Today, the bill is back, largely unchanged, and if congressional insiders and the bill’s sponsors are to believed, the legislation could end up on President Obama’s desk as soon as this month. In another boon to the legislation, Obama is expected to reverse his past opposition and sign it, albeit in an amended and renamed form (CISPA is now CISA, the “Cybersecurity Information Sharing Act”). The reversal comes in the wake of high-profile hacks on JPMorgan Chase and Sony Pictures Entertainment. The bill has also benefitted greatly from lobbying by big business, which sees it as a way to cut costs and to shift some anti-hacking defenses onto the government.’

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Why the GOP is Sabotaging the Iran Talks: Interview with Jamal Abdi and Gareth Porter

Jamal Abdi of the National Iranian American Council (NIAC) and Gareth Porter, author of Manufactured Crisis: The Untold Story of the Iran Nuclear Scare, join Thom Hartmann. The deadline has come and gone for a preliminary nuclear deal with Iran – and talks will now stretch into Wednesday. What are the chances the US and its partners actually reach an agreement with Iran? And why are Republicans really so eager to sabotage any rapprochment with the Islamic Republic?’ (The Big Picture)

If this is what an anti-war presidency looks like to you, you’re detached from reality

Trevor Timm writes for The Guardian:

obama clenched jawNothing sums up the warped foreign policy fantasy world in which Republicans live more than when House Speaker John Boehner recentlycalled Obama an “anti-war president” under which America “is sitting on the sidelines” in the increasingly chaotic Middle East.

If Obama is an anti-war president, he’s the worst anti-war president in history. In the last six years, the Obama administration has bombed seven countries in the Middle East alone and armed countless more with tens of billions in dollars in weapons. But that’s apparently not enough for Republicans. As the Isis war continues to expand and Yemen descends into civil war, everyone is still demanding more: If only we bombed the region a little bit harder, then they’ll submit.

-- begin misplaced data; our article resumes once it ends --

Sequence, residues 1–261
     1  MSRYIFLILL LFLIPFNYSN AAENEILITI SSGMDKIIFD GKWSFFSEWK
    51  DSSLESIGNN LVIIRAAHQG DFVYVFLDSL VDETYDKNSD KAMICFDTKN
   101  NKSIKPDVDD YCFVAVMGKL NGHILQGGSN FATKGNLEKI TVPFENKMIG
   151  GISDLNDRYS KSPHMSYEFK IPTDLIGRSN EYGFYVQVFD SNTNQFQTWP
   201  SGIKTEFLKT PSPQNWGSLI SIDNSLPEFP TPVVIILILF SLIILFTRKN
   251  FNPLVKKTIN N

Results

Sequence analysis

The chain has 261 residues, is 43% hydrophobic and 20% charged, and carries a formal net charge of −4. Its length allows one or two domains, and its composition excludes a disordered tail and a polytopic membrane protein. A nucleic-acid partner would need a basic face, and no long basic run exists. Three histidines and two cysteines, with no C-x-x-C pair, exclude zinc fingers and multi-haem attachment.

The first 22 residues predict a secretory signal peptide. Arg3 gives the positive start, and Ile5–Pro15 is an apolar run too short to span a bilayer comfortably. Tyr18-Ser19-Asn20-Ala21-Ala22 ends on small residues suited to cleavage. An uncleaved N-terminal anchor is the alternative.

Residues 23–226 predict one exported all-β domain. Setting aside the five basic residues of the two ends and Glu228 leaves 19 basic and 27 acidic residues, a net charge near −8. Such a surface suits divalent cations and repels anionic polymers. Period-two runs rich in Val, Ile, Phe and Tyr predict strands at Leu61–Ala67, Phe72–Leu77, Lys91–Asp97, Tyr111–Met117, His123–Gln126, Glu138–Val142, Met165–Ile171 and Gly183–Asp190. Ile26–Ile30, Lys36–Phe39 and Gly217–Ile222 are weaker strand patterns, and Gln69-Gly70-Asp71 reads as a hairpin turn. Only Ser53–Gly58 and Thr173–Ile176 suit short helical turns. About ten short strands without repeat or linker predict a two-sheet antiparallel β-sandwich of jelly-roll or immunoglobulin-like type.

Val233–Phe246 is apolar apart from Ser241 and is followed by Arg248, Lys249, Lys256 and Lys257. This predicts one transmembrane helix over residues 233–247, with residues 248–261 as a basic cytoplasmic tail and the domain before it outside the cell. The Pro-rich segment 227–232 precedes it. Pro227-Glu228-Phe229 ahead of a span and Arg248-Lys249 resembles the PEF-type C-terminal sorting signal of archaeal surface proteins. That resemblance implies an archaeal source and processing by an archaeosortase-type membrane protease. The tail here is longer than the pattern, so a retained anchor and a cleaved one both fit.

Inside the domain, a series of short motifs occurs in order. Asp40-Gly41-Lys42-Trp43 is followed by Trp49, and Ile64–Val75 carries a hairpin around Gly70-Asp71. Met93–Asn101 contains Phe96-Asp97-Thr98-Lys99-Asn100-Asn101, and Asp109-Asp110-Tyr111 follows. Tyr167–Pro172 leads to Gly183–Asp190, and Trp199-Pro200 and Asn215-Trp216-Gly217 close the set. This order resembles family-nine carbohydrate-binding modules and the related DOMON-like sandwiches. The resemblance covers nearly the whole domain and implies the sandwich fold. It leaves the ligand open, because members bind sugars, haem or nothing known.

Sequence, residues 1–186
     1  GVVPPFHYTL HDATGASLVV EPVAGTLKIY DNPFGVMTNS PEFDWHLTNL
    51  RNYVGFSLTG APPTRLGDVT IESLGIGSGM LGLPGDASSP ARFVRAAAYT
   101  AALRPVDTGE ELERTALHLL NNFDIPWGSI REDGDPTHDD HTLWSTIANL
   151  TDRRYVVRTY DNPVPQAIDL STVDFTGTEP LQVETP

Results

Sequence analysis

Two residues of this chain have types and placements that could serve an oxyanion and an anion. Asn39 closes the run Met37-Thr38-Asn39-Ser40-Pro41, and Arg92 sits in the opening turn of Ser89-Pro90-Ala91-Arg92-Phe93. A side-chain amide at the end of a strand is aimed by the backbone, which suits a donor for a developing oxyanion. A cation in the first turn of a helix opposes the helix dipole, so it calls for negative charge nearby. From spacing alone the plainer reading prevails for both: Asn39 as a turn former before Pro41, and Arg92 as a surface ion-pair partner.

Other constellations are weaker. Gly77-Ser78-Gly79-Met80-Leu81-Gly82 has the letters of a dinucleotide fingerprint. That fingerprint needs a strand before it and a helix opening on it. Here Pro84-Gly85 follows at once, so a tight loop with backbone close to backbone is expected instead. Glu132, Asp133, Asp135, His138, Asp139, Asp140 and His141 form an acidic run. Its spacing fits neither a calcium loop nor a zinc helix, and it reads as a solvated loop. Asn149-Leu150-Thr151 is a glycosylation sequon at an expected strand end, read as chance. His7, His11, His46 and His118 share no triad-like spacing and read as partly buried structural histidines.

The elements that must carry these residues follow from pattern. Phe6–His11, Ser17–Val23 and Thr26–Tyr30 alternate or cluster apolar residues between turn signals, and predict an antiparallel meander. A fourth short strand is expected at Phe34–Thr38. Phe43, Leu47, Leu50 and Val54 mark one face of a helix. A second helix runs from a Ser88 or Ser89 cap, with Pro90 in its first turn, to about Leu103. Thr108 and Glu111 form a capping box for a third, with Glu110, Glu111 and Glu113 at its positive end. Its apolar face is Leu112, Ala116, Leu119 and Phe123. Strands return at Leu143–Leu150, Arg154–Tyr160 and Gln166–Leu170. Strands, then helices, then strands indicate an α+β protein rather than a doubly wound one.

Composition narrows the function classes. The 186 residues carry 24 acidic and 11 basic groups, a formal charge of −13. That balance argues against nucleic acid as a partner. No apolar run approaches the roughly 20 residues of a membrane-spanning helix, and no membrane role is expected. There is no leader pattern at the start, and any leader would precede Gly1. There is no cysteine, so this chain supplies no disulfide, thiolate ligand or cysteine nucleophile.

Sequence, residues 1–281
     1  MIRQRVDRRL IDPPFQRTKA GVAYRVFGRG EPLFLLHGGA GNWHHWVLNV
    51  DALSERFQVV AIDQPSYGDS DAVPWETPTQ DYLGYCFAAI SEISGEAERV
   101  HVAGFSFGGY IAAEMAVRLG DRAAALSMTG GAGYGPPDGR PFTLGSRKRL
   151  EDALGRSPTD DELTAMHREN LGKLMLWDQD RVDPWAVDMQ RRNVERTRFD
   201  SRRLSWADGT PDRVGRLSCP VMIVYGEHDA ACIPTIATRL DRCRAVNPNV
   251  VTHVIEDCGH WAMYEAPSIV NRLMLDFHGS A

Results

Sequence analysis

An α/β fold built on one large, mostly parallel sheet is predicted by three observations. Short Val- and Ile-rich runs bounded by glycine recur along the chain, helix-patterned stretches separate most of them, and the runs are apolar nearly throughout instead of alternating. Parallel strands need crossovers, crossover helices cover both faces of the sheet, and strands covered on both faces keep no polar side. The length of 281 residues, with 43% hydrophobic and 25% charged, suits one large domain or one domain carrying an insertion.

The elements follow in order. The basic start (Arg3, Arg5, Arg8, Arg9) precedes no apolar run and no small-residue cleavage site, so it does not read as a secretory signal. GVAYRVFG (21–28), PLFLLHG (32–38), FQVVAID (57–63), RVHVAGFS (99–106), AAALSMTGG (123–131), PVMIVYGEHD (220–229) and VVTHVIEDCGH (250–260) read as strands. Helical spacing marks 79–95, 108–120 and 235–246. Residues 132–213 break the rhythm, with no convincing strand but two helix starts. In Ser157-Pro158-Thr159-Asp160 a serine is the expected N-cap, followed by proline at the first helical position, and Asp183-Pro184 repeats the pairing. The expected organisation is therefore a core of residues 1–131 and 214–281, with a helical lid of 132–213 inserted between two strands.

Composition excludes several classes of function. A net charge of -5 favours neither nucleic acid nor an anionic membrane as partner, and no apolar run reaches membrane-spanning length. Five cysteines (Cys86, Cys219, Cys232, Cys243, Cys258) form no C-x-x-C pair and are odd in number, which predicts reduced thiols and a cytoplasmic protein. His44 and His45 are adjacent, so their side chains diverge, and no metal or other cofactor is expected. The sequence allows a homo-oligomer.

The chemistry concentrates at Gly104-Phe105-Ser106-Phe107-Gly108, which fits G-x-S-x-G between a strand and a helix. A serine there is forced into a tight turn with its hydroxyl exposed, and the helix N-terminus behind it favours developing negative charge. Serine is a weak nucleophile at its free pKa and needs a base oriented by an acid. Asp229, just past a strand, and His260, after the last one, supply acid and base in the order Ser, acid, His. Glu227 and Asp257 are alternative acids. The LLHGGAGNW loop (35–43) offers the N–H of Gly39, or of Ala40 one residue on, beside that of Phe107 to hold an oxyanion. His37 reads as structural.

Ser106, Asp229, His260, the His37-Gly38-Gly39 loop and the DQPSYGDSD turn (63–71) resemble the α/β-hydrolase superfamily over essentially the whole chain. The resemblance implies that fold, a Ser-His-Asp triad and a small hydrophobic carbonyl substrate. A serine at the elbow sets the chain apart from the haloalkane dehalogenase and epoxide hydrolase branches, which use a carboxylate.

In between publishing a new rash of overt sociopathic “Bomb Iran” op-eds, Republicans and neocons are circulating a new talking point: Obama doesn’t have a “coherent” or “unifying” strategy in the Middle East. But you can’t have a one-size-fits-all strategy in an entire region that is almost incomprehensibly complex – which is why no one, including the Republicans criticizing Obama, actually has an answer for what that strategy should be. It’s clear that this new talking point is little more than thinly veiled code for we’re not killing enough Muslims or invading enough countries.’

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In Washington, the Real Power Lies With the Spooks, Eavesdroppers and Assassins

Matthew Harwood reviews Michael Glennon’s “National Security and Double Government” for Medium:

[…] If you’ve noticed that the national security policies of Pres. Barack Obama’s administration are almost indistinguishable from those of the previous Republican administration and wondered why, Glennon has a “disquieting explanation” for you.

There are two governments — a double government — operating today in the realm of national security. There’s the one the voting public thinks they control when they go to the polls — what Glennon refers to as the “Madisonian institutions.” Congress, the courts and the presidency.

And there’s the “Trumanite network,” the labyrinthine national security apparatus that encompasses the military, intelligence and law enforcement communities that Pres. Harry Truman created when he signed the National Security Act of 1947.’

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Obama: I Should’ve Closed Gitmo on Day One

Jason Ditz reports for Antiwar:

[…] Obama announced his intention to close the facility within a year, a non-controversial position at the time. Within a few months, however, Congressional hawks started opposing the move. Obama admitted the “path of least resistance was to just keep it open.

This admission is in stark contrast to what the White House has been saying all along, that the president had been working hard to close the facility and still intended to get it done.’

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‘Patriot Act 2.0’? Senate Cybersecurity Bill Seen as Trojan Horse for More Spying

Nadia Prupis reports for Common Dreams:

cisa.jpgThe U.S. Senate Intelligence Committee approved a cybersecurity bill during a secret session on Thursday, marking the next step in a process that critics warn will nefariously expand the government’s already substantial surveillance powers.